As for the launching, check out BCM232 for starters. That was my main launching show, and a key aspect is that you can bail and land on rings, platforms and alcoves. However, there's also BCM233 which shows a remarkable mid-air reboarding trick you can do, plus there's BCM239 in which the Banshee is made to deflect off the outer edge of the alcove roof so it gets sent across the shaft.

Mysterious dead Grunts

Grunts seen on Heroic

At the bottom of the chamber you can potentially find three dead Grunts in the mist, and nearby some plasma pistols and plasma grenades. Mysterious! I did some investigation which involved setting things up ten times from scratch (three times on Heroic and Legendary, twice on Normal and Easy), to see what things looked like, and you can see some results in BCM248.

The Grunts can vary in type, but their layout seems to always be the same - and in particular they're in the same location, not far from one of the chamber walls. A key feature is that two of the Grunts are bodily coincident, fully overlapping. If both of them have the same design, they can thus appear to be just one Grunt; but they're easily separated by tagging with a plasma grenade. The third Grunt partly overlaps the coincident pair. He's a short way behind them, facing the same way.

Grunts seen on Normal and Easy

My ten set-ups gave the following Grunt configurations. It broke down according to difficulty level. On Heroic, the coincident Grunts were both red curl-backs (thus appearing as a single red curl-back), and the other was an orange curl-back. On Normal and Easy, the coincident Grunts were a red fin-back and and an orange curl-back, and the other was an orange curl-back. On Legendary the coincident Grunts were a red curl-back and orange curl-back (appearing as a jazzy curl-back), and the other was a red curl-back. I can't be sure that you always get these combinations (according to difficulty level), but that's my suspicion.

Weaponry layouts can vary a bit. Plasma grenades may be absent despite the presence of the pistols.

Finding the Grunts - if they're present

You can't see far in the mist, so how do you find the Grunts? I suggest that you follow the wall until you spot the plasma pistols (the Grunts are much harder to see). Going clockwise, it'll be the wall where you're heading north. If you have an AR, you can make use of the compass, and an option is to head west from the column.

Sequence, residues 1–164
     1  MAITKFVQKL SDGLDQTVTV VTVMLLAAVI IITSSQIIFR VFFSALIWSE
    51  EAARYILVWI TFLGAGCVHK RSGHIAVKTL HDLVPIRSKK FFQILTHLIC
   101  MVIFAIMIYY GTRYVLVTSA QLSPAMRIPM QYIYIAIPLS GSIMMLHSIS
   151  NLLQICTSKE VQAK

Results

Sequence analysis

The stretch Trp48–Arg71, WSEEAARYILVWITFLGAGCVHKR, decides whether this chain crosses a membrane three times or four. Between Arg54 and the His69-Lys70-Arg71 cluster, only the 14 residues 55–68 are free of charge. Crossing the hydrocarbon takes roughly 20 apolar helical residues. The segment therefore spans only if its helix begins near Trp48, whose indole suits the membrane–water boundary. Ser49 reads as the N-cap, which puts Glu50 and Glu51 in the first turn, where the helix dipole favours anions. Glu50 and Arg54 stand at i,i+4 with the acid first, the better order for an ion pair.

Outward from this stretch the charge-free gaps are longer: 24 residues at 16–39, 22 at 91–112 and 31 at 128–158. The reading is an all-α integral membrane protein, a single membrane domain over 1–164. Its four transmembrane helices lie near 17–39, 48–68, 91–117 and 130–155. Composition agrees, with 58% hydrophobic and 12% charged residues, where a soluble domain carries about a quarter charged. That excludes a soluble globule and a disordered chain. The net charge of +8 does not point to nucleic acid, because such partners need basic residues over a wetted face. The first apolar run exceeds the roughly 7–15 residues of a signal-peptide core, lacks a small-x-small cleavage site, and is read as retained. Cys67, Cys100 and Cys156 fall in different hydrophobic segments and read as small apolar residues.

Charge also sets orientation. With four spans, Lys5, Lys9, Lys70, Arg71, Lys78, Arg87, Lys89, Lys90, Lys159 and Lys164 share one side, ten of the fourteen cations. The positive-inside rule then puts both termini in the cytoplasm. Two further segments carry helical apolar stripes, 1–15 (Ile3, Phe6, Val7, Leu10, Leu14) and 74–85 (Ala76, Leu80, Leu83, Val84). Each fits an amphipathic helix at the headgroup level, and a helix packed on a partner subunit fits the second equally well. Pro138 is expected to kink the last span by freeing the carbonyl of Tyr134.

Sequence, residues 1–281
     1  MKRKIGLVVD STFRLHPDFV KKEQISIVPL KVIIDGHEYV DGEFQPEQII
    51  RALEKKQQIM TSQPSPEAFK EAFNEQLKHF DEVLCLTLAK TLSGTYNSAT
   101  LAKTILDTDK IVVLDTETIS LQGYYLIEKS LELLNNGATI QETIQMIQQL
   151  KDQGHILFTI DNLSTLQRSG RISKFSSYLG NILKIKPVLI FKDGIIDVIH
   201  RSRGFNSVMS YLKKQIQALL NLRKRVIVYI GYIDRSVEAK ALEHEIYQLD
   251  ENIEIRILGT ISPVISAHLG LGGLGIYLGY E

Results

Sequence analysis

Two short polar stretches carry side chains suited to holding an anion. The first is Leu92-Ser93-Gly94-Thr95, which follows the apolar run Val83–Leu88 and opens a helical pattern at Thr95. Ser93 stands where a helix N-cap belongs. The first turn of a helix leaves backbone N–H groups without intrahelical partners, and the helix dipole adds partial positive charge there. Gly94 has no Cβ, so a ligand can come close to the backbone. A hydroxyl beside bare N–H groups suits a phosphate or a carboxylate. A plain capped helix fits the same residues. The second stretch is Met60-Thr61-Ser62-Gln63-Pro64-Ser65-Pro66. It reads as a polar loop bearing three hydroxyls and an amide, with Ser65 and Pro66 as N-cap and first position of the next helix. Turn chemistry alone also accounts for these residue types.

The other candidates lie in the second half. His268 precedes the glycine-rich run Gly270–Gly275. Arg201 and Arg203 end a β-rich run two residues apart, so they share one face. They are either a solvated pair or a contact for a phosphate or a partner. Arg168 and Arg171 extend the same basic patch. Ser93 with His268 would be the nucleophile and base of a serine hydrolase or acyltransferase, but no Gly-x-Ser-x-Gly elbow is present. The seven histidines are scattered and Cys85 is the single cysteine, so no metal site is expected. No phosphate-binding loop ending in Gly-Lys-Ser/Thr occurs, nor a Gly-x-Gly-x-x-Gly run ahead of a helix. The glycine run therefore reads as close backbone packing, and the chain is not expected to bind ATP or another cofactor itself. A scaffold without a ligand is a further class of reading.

Grunts seen on Legendary

However, bear in mind that the game can clear stuff away, just like with other bodies and dropped weaponry. So there might be nothing there (which was the case when I first reached the bottom), or the scene may be incomplete. My advice for avoiding that, is to preferably avoid triggering the two-Wraith area. That may be a key time when the game is liable to do some clearing of earlier areas.

Why are they there?

As for whether the Grunts are some sort of Easter egg, they weren't admitted into HBO's Easter egg list, and some people think the Grunts are some sort of junk - e.g. akin to the lone Marine you can find on top of 343 Guilty Spark. A Halopedia page says "If one looks at the relevant scripts in HEK (Halo Editing Kit), one will see that these Grunts are the same ones that appear in the beginning cutscene: They are killed and teleported down there." But I question that, because it's counter to observation. For example, on Easy and Normal one of the dead Grunts is (or can be) a fin-backed red, yet there are none in the cutscene (which in any case features five Grunts, not three). Also, on Heroic and Legendary two of the dead Grunts are (or can be) curl-backed reds, yet the cutscene has only one.

Early mentions

I'm not sure when the Grunts were first mentioned by anyone, but there are threads in the HBO forum here and here (both October 2003), and here (July 2004). There's also this on Halopedia - and a duplicate here.

Specialized checkpoints

Checkpoint ready to dismount

When I spoke about getting a checkpoint in the chamber, I showed a picture of getting one on the platform, standing near the Banshee and some gathered weapons. That's a generic sort of checkpoint, but there's nothing to stop you getting a specialized checkpoint oriented around a particular activity (and remember, checkpoint delay can be continued with Banshee fire). For example, one obtained near a ring (e.g. ready to dismount) would be ideal for doing ring play, because each time you revert or get reverted, you'll be right back on the scene.

Bear in mind, you can even get a checkpoint in the ceiling room or on a dome panel. For doing this, I recommend causing the final checkpoint delay with a fuel rod shot, fired downwards so it goes into slo-mo and eventually hits the annular plain. That gives you a good amount of time to make an attempt at getting through the dome.

If you initially saved a generic checkpoint, but then fancy a specialized session of play, you can head back out of the chamber and bring back a new delayed checkpoint to form a temporary specialized one. In the case where your generic checkpoint was the bridge checkpoint (as used in BCM223), the next one you could trigger is exit passage checkpoint after the bridge. Very convenient.